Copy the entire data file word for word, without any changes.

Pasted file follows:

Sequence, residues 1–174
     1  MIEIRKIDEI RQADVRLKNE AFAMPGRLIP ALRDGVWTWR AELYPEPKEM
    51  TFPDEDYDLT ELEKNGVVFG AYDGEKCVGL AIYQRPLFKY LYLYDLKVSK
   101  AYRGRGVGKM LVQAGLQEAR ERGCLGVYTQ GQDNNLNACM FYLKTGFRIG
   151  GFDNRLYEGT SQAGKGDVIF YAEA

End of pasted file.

Sequence, residues 1–174
     1  MIEIRKIDEI RQADVRLKNE AFAMPGRLIP ALRDGVWTWR AELYPEPKEM
    51  TFPDEDYDLT ELEKNGVVFG AYDGEKCVGL AIYQRPLFKY LYLYDLKVSK
   101  AYRGRGVGKM LVQAGLQEAR ERGCLGVYTQ GQDNNLNACM FYLKTGFRIG
   151  GFDNRLYEGT SQAGKGDVIF YAEA